What’s more, Plan B’s effectiveness diminishes as time after intercourse passes—and actual pharmacists, as opposed to drug stores and supermarkets, aren’t always easy to find right after sex. Putting Plan B over the counter would presumably lead to greater use of Plan B, reducing unwanted pregnancies and, by the way, abortions as well.

In ruling to keep Plan B behind the counter, Sebelius cited a very specific concern: The fact that some girls start having sex at very young ages—13, 12, even 11—and might not have enough cognitive development to take the drug properly. My understanding is that the concern isn’t simply that very young girls will take the drug on their own, potentially misreading the directions, but that they’ll start to use the pill as a regular form of contraception—potentially getting higher, dangerous levels of hormones.

But the FDA examined this issue, among others. As Maggie Fox of National Journal reported on Wednesday, Teva, the drug’s manufacturer, had provided the FDA with studies on 11- to 16-year-olds. “The FDA based its decision on years of data about adolescent health,” says Stanford University's Lee Sanders, a pediatrician and leading scholar on health literacy. “That includes research on the specific question of how adolescents will use contraception.”

Might Sebelius or some of her advisors be genuinely worried those studies are flawed—or, at least, not sufficiently conclusive? Sure. It's not a crazy argument. But is that grounds for taking a position virtually every leading medical association rejects? For overruling not just FDA staff but also the commissioner, Margaret Hamburg, who just happens to be one of the nation's most experienced and respected experts on public health? In Wednesday's official announcement, Hamburg made clear that FDA  “carefully considered whether younger females were able to understand how to use Plan B” and “determined that the product was safe and effective in adolescent females, that adolescent females understood the product was not for routine use.”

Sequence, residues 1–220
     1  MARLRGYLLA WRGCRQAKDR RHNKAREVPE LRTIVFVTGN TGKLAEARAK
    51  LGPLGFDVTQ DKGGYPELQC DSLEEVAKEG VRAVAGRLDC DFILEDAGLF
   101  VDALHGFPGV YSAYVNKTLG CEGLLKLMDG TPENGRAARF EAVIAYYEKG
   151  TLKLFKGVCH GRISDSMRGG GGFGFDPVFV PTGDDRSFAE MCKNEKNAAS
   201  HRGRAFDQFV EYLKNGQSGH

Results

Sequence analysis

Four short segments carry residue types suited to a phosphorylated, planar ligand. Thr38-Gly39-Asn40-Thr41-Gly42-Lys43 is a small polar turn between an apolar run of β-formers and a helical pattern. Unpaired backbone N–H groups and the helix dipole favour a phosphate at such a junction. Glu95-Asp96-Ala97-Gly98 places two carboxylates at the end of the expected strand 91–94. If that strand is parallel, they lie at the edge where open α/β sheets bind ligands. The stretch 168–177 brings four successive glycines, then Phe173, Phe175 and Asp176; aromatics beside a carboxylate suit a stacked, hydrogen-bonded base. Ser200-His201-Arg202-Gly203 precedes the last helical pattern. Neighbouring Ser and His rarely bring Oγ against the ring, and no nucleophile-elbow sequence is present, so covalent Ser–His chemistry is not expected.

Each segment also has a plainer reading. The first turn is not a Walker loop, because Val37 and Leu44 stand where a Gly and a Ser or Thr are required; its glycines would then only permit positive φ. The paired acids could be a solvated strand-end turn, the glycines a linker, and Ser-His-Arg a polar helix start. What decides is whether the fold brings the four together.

That’s why it’s likely politics played a major role here. Most likely, the White House didn’t want critics—like, say, the eventual Republican nominee for president—saying that Obama wants 12-year-old girls to have sex. Obama wouldn’t be saying that, of course, but when has that ever mattered? The concern probably isn’t the Christian right so much as culturally conservative swing voters. Or, to put it more bluntly, the worry here wouldn't be Kansas. It’d be Ohio.

If administration officials admitted this—and they certainly haven’t, at least to me—they’d probably point out that a Romney or Gingrich administration would be far worse, not just on access to emergency contraception but on reproductive freedom in general. That’s true! But this decision will have real consequences, right away: More young girls will have unwanted pregnancies. Whether you interpret this as an indictment of the administration or an indictment of our political times, it’s disheartening.

Update: I added a sentence pointing out that other over-the-counter drugs are extremely dangerous when taken incorrectly.